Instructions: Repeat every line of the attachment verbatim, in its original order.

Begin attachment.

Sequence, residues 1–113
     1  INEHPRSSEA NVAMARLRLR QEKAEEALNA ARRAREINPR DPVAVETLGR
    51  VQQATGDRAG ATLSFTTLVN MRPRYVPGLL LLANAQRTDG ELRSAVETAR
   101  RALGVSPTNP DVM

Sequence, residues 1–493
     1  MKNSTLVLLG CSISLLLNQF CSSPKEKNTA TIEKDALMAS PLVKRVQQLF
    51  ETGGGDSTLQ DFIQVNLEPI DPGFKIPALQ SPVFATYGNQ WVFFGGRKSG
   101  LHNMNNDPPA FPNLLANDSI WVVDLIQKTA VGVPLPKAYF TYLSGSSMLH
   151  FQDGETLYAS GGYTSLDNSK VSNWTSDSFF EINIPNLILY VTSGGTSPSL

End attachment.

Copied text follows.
Sequence, residues 1–113
     1  INEHPRSSEA NVAMARLRLR QEKAEEALNA ARRAREINPR DPVAVETLGR
    51  VQQATGDRAG ATLSFTTLVN MRPRYVPGLL LLANAQRTDG ELRSAVETAR
   101  RALGVSPTNP DVM

Sequence, residues 1–493
     1  MKNSTLVLLG CSISLLLNQF CSSPKEKNTA TIEKDALMAS PLVKRVQQLF
    51  ETGGGDSTLQ DFIQVNLEPI DPGFKIPALQ SPVFATYGNQ WVFFGGRKSG
   101  LHNMNNDPPA FPNLLANDSI WVVDLIQKTA VGVPLPKAYF TYLSGSSMLH
   151  FQDGETLYAS GGYTSLDNSK VSNWTSDSFF EINIPNLILY VTSGGTSPSL